Starting a conversation about puberty with your child
It's not always easy to talk with children about their bodies. But having a series of open and relaxed conversations before the physical changes of puberty start will help your child feel OK when his body starts to change.
You can use a three-step process to start a conversation about puberty:
- Find out what your child knows. For example, you could ask, 'Do they talk about puberty and physical changes in health classes at school? What do they say?'
- Give your child the facts and correct any misinformation. For example, 'Everyone goes through these changes, but not always at the same pace'.
- Use the conversation as an opportunity to talk about your values. For example, 'If you have a wet dream, don't worry - just strip the bed and take your sheets to the laundry'.
Sometimes, you can start a conversation by picking up on a scene in a movie or TV show, a book that you've both read, or a comment on the radio as you're driving in the car.
It's a good idea to have big or difficult conversations when your child is ready to talk and listen. During puberty, children might want more privacy and time to themselves. It's about picking the moments when your child seems open to talking.
Also, your child might not want to share everything with you anymore, so try not to force communication when your child doesn't want to talk. Your child might also be interested in talking with the school counsellor or a GP.Teenagers compare their bodies to friends and siblings. Children whose development seems to be taking a long time compared to friends might be frustrated or worried.
How to talk about puberty with your child
To handle the changes of puberty, your child needs support, reassurance and facts. You or another trusted adult can help by:
- giving simple, factual explanations of physical changes - for example, 'Periods are when the lining of your uterus comes out of your vagina. It looks like blood'
- reinforcing that physical changes are different for every child - for example, 'Some children start getting pubic hair when they're around 11, but it can be earlier or later'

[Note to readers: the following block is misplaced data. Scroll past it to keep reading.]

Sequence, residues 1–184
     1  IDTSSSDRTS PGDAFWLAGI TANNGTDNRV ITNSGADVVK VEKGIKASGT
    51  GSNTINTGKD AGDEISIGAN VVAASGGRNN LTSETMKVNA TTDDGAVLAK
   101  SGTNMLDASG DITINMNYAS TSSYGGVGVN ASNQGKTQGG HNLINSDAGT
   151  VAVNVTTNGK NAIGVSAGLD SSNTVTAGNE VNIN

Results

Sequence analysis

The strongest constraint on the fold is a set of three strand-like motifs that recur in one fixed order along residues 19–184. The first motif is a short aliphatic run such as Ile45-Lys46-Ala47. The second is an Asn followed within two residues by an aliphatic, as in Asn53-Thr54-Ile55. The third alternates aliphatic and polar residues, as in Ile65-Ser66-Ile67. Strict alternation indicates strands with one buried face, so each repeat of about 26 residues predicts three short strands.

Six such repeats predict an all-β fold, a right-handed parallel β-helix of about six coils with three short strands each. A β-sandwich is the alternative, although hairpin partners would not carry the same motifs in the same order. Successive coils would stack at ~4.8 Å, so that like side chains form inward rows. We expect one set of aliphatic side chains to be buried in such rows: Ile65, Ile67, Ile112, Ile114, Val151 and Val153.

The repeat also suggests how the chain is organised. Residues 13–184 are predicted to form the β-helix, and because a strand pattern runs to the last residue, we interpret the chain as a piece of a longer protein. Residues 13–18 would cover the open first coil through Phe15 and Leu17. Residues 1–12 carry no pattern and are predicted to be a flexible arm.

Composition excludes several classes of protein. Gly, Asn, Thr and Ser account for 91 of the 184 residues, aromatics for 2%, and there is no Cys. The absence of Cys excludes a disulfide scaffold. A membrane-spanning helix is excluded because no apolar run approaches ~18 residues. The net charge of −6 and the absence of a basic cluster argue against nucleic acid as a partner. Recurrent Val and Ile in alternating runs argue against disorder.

- using the right words when you're talking about body parts - for example, 'It's normal for your penis and testes to start getting bigger around now'.
It's also important to:
- reassure your child that puberty is an important and exciting life stage
- avoid words like 'right' or 'wrong' when it comes to development
- not compare your child to others.
Healthy lifestyle choices for your child in puberty
In puberty, your child is coping with lots of physical changes. If your child eats well, gets enough physical activity and sleep, and looks after her personal hygiene, she's more likely to feel OK about her changing body. Here are some ways you can help.
Encourage healthy eating
Your child is likely to have an increased appetite and need more food. You can best meet your teenage child's nutritional needs by:
- providing healthy foods and drinks at home
- encouraging healthy choices when you're out
- eating healthily yourself.
Encourage a healthy, balanced diet - overeating or having too many high-sugar and high-fat foods and drinks can lead to adolescent overweight or obesity. Disordered eating and dieting can also be an issue during this time.
Support your child's physical activity
For good physical and mental health, your child needs at least 60 minutes of moderate to vigorous physical activity every day. You can keep your child active by encouraging daily movement and keeping him involved in team and individual outdoor and indoor activities.
Encourage healthy sleep routines
Teenagers need enough good-quality sleep. You can help by:
- encouraging your child to stick to a regular bedtime
- encouraging 'winding down' before bedtime - try having no screen time for at least an hour before bedtime and avoiding high-sugar foods and caffeinated drinks
- making sure your child has a quiet, comfortable sleeping environment.
When you're worried about your child and puberty
Every child experiences physical changes at a different rate. If you're concerned about your child's rate of development or about the way your child's body is changing, talk to a health professional - for example, your GP.Children who go through early or late puberty might need extra support. Boys and girls who experience physical changes very early might be less prepared emotionally or get confused or worried by the changes. Your child might feel embarrassed if she experiences early or late physical changes.